David Mamet is among America’s most gifted playwrights. His work can, at times, be raw and obscenity-laden, as anyone who has seen his 1984 Pulitzer Prize-winning play GlenGarry Glen Ross can attest. That goes for the movie version as well, which features powerful perfomances by Al Pacino and Jack Lemmon. It was close to Jack’s last work on film.
But there is a visceral power and moral undertow to Mamet’s work. GGGR is about the outrageously driven and bitter interactions during two days in the life of some crude small-time Chicago real estate salesmen competing, on the upside, for a Cadillac and, on the downside, trying to cling to their vanishing self-respect while desperately fearful of losing their jobs for failing to meet tough new sales goals set by a brutal new district manager. He’s threatened to fire anyone who doesn’t make their quota . Deceit and moral depravity duel with humiliation and degradation. It’s dark, powerful stuff. It’s hard on your ears but I perceive a sharp, cold eye being cast on greed, materialism and human nature.
Mamet has also made movies with far fewer obscenities but just as much penetrating moral content. House of Games is one I’ve seen. I recommend it.
I’m writing about Mamet because, in a theatre and show business universe jam packed with liberals, he’s steadily evolved in his essays into a critical, fearless, verbally stylish and, dare I say, conservative observer of life’s pageant, including the American theater. Speaking of pageants….
The October 5th issue of the National Review — where Mamet’s commentary now appears regularly — contains his rich and cerebral meditation on the state of American theatre. Who could be more familiar with that subject, or more qualified to write about it?
Here is some of what he has to say:
“The theater has long been turning, and now, is on its (potential) revival, will be found to have turned into an arena for the proclamations of right-thinking. The proclamations, that is, of the reign of the goddess Reason, that is, mob rule. …We have seen, on Broadway, the usual forms of comedy, drama, and tragedy supplanted by the pageant. A pageant is a celebration of human accomplishment, intelligence, grace, or luck — finally of human power over nature or circumstance…… But it is the opposite of drama…..We will not leave the pageannt cleansed, calmed, surprise, lauging, weeping, thoughtful or disturbed….And we will not leave having had the burden of our consciousness, momentarily, laid aside.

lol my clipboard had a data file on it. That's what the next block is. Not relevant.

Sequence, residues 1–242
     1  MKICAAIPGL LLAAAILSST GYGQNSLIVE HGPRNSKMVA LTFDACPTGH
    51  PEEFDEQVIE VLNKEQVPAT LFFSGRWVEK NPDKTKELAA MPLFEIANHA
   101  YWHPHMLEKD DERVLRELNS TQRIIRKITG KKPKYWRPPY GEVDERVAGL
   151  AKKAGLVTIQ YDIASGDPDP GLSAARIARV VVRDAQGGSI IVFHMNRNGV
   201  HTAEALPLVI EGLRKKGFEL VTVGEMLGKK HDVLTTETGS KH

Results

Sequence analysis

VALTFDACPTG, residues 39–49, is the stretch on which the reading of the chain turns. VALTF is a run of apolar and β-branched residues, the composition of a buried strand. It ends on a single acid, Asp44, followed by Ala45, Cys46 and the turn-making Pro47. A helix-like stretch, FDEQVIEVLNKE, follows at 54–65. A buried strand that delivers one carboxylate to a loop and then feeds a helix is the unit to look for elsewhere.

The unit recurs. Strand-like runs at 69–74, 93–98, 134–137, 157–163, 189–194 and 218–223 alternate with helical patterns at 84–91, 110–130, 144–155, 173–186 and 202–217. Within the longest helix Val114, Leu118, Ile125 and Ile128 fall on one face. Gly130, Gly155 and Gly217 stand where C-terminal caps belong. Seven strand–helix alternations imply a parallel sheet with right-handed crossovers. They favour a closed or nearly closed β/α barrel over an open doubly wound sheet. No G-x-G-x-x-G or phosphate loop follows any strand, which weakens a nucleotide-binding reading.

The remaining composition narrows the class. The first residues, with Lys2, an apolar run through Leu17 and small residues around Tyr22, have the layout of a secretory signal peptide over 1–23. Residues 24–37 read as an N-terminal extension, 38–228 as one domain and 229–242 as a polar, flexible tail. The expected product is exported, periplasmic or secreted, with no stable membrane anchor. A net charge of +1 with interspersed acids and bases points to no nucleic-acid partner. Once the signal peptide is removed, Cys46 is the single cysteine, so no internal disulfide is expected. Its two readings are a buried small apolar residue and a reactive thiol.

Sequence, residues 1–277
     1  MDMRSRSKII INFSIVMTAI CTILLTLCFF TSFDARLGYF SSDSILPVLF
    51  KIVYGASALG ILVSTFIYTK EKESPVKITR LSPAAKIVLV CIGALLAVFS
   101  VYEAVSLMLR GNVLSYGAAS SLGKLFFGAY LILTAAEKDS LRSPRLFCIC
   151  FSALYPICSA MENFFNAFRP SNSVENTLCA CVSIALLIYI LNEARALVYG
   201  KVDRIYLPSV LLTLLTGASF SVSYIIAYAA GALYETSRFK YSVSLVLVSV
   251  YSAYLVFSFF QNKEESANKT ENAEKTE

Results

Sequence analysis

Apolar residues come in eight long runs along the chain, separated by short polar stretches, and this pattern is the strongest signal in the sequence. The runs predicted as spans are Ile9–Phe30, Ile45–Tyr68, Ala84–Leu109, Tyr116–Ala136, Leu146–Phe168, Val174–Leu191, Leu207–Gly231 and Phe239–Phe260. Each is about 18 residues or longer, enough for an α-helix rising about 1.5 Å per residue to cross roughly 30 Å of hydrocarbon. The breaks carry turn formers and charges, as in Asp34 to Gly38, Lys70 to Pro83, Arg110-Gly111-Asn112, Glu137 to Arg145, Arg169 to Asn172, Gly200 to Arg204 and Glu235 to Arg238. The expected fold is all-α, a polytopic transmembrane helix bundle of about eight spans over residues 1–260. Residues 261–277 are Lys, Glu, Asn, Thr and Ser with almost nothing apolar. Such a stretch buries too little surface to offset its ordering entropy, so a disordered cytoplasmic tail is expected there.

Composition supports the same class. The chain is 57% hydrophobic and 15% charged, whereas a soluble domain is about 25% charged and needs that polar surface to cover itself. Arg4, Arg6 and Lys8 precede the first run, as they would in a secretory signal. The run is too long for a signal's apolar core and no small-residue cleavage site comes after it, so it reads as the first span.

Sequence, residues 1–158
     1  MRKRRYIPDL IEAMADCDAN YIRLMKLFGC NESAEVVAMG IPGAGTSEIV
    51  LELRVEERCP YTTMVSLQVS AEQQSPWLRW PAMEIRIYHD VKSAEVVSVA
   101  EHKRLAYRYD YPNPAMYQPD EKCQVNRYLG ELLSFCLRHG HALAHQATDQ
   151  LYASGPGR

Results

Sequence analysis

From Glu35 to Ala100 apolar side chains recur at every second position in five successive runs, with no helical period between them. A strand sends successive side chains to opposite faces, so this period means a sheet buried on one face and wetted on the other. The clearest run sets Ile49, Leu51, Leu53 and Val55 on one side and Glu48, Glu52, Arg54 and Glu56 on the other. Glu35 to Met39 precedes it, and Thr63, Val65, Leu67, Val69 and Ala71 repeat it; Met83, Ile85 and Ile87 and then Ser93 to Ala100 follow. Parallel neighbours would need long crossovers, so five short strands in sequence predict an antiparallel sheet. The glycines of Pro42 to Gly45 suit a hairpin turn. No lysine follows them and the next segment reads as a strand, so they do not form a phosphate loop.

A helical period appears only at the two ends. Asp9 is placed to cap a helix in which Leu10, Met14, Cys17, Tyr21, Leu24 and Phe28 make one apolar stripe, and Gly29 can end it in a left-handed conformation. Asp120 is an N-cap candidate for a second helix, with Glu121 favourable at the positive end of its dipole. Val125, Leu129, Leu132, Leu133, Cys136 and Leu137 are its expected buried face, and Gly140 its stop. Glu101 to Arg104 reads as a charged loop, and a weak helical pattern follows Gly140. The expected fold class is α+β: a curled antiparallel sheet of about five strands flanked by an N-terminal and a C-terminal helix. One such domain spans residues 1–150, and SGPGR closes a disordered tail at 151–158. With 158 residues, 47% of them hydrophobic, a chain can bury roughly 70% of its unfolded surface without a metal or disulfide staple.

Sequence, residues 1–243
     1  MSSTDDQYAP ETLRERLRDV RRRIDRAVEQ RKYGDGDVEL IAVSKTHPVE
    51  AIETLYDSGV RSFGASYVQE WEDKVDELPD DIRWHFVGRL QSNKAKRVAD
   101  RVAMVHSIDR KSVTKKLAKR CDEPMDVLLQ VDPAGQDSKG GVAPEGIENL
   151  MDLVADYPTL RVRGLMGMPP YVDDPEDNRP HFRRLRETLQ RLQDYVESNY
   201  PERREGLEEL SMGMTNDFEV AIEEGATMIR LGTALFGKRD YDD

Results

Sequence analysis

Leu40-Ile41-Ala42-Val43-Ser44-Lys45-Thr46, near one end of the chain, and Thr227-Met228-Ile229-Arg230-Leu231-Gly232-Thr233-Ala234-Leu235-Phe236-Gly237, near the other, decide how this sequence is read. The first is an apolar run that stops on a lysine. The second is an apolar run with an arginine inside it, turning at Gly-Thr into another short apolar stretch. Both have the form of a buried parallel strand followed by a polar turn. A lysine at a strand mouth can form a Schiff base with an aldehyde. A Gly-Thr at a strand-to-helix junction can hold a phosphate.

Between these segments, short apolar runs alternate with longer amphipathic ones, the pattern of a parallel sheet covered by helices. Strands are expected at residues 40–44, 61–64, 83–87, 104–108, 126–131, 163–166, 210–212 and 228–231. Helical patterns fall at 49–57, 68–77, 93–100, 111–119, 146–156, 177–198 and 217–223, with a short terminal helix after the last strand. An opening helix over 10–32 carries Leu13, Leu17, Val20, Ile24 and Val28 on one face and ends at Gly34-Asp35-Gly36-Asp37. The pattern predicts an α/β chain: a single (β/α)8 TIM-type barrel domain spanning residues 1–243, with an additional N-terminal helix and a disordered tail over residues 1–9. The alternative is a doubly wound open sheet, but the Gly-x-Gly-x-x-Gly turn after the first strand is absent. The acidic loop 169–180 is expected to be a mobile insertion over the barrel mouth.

“The pagaent has long supplanted the drama on Broadway, for the reasons following. Seventy-five per cent of the Broadway audience are tourists. They come legitimately seeking an experience. They come to Broadway exactly the way they come to Disneyland. As in that happiest place, they do not come to risk their hard-earned cash on a problematic event.
The New York Times, our newspaper of record, and the liberal media, in conjunction with the schools and colleges, insist that nothing shall be said or staged that does not express “right-thinking,” that is, statism.
“Outreach, educaton, diveresity, and so on are tools of indocrination. So, for example, are Marine bootcamp and the bar mitzvah.
“But art is the connection between inspiration and the soul of the observer. This insistence on art as indoctrintation is obscenity, denying and indicating the possibility of human connection to truths superior to human understanding, that is, to God.”
I confess I’m not sure what he means by art as indoctrination simultaneously “denying and indicating” this possibility of human connection. Upon reflection, I believe he’s saying he’s saying the very act of denying that possibility makes one come to realize the need for it. But I celebrate the imperative of art leading us to “truths superior to human understanding.” Somehow I know that those vulgar, grasping Chicago real estate salesmen Mamet created four decades ago had no idea there might be such a truth — or that their quest to earn a Cadillac was unconsciously also their beleaguered quest for the grail of self-knowledge. Oddly enough, Al Pacino’s character, in his quasi-soliloquys, senses there’s something more to his miserable life and to himself — before he dips unreflectively back into the muck.
Well done, David Mamet. I’ve long sensed there was something badly awry in our “serious” entertainment.